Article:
First World Anxiety
I remember this feeling. A little over 11 years ago I felt the same uneasiness. Vulnerability finding its way back to my generalized anxiety disorder. The sweaty palms and the shifty eyes I felt as I boarded my flight to Las Vegas in October of 2001 – they all returned as I dropped my son off for preschool this morning.
It seems strange to even compare the terrorist attacks of September 11, 2001 with the shootings at Sandy Hook Elementary, but they follow a similar emotional formula:
The breaking news report when you least expect it.
The unfathomable reality of what is happening.
The empathetic pains to the atrocious experience.
The exploitation of the horror by the media.
The tearful reunions with our families when we got home that day.
The constant reminder from the ratings-hungry media.
The anxious understanding in the months following that life is all too fragile.
The slow return to an ignorant normal.
Unlike my response to 9/11, I was determined to avoid the media’s sensationalism of the Sandy Hook shootings. They were interviewing surviving children as they reunited with their family members. They interviewed the shooter’s Mom’s car mechanic in a desperate attempt to run ‘new’ material a week after the shooting. I watched enough media coverage during my two 30 minute breaks that first day to let my empathetic imagination take over. I refused to give the media more of my soul after that. I mourned for each individual and read each bio on my own time a week later.
I’m currently experiencing the anxious aftermath. I had horrible anxiety in the movie theater when a young man entered the theater alone with a large full backpack – turns out he brings LOTS of snacks. I jumped out of my seat at the mall when someone in the food court yelled loudly; apparently it’s a new restaurant trend to scream out customers’ orders.
This is the American experience – our first world experience. In my life time it’s happened only a few times. We are so blissfully ignorant.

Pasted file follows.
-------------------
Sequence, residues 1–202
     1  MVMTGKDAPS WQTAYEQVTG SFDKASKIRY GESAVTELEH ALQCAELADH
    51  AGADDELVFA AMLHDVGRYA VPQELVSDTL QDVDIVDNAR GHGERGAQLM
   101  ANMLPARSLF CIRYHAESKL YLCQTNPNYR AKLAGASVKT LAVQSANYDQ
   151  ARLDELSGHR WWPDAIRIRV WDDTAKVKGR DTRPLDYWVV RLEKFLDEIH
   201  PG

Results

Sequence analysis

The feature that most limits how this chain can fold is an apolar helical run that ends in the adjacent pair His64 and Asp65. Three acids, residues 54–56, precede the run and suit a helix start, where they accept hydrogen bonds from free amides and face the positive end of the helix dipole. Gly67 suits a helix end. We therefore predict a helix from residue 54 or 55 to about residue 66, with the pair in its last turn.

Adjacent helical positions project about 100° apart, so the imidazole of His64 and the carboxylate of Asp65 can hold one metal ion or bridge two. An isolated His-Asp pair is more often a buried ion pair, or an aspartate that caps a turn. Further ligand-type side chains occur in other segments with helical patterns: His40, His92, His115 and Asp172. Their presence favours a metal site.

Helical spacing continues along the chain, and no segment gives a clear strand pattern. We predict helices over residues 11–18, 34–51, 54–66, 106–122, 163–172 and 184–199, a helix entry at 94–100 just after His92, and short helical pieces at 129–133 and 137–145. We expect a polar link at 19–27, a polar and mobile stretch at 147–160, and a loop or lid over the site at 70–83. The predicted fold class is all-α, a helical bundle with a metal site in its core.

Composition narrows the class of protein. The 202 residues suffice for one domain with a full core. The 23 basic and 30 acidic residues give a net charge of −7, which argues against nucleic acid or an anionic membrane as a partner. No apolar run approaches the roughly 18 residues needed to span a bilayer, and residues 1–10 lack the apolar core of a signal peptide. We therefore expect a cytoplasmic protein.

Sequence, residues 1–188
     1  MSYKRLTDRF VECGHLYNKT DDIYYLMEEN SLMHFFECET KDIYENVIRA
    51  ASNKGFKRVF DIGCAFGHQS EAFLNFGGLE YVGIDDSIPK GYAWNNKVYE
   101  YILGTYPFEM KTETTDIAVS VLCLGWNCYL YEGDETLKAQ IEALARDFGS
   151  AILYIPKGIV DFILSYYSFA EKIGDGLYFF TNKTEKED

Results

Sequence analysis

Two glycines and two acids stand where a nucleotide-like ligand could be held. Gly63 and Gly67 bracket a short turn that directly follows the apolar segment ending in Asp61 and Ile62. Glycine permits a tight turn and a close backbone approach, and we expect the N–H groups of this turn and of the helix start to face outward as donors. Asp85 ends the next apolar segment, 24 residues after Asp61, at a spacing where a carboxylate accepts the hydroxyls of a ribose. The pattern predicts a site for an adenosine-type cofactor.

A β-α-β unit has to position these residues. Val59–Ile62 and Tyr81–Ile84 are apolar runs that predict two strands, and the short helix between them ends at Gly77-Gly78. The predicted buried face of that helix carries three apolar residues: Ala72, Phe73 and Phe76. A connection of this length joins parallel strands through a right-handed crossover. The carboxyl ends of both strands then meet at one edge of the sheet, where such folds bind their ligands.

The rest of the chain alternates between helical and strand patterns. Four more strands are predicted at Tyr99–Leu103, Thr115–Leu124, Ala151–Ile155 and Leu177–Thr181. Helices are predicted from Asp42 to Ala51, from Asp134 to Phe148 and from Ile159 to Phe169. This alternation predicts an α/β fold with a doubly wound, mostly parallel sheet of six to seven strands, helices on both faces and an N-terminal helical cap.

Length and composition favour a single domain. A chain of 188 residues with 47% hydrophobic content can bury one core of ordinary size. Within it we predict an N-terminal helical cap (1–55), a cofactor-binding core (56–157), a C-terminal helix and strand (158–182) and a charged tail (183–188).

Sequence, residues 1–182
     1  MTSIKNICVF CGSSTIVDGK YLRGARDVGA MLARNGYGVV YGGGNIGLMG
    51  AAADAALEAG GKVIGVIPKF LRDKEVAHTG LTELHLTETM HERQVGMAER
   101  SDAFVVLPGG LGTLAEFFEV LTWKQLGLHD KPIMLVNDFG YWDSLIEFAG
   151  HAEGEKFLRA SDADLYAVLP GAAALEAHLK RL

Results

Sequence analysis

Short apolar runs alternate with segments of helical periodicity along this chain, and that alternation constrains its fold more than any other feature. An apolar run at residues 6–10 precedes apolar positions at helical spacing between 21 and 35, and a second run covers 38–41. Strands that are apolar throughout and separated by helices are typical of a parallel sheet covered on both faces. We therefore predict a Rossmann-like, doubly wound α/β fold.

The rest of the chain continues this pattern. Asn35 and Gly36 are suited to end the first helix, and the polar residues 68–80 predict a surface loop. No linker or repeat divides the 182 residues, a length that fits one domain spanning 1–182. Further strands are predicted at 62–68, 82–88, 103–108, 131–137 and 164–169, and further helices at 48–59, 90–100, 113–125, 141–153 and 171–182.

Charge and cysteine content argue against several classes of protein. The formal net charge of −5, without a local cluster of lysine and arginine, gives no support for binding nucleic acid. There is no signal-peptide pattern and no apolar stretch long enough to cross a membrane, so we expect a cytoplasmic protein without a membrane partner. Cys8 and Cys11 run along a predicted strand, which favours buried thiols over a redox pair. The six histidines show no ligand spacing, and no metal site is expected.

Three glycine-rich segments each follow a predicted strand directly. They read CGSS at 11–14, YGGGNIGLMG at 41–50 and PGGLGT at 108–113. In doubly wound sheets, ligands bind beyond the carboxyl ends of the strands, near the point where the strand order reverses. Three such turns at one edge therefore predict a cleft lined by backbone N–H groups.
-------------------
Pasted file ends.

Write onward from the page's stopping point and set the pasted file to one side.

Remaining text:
Twenty children and six adults died on the morning of December 14, 2012 at Sandy Hook Elementary. Today, as with every day, 5,500 children will die in Eastern and Southern Africa from preventable causes (according to Unicef).
What happened at Sandy Hook Elementary is deplorable. I don’t wish to dismiss or minimize the horror of those events. However, in assessing what happens to children worldwide from violence, disease, or malnutrition, what we experience as Americans is a drop in the bucket of the collective world suffering.
We find our way back to the ignorant security found within our daily humdrum. As we get angry over FaceBook drama, obsess over a Kardashian pregnancy, and quantify our contribution to society by the number of gadgets we own – I challenge you, as I challenge myself, do not let go of the anxiety. Do not let the sting of our wounds heal.
Maybe I’m more sensitive because I’m a Mom, or maybe it’s because I’m a pediatric critical care nurse – but the Sandy Hook Elementary shootings have once again ripped my head out of the sand.
We need to stay awake.
We need better security for the children in our country and for children across the globe.
We need to fight for human rights – the right for everyone to feel secure, safe, healthy, and loved.
I’m not quite sure where to start. I’ll pray, meditate, and incorporate these rights of our children into my daily intentions. I will search out reputable organizations to contribute my time and resources too. I will not let go of the pain.
My New Year’s resolution includes creating a larger, more conscious, “love-footprint” in the world.
“Never forget” is what they say.
I suggest we “never look away”.
I’m staying awake. Are you?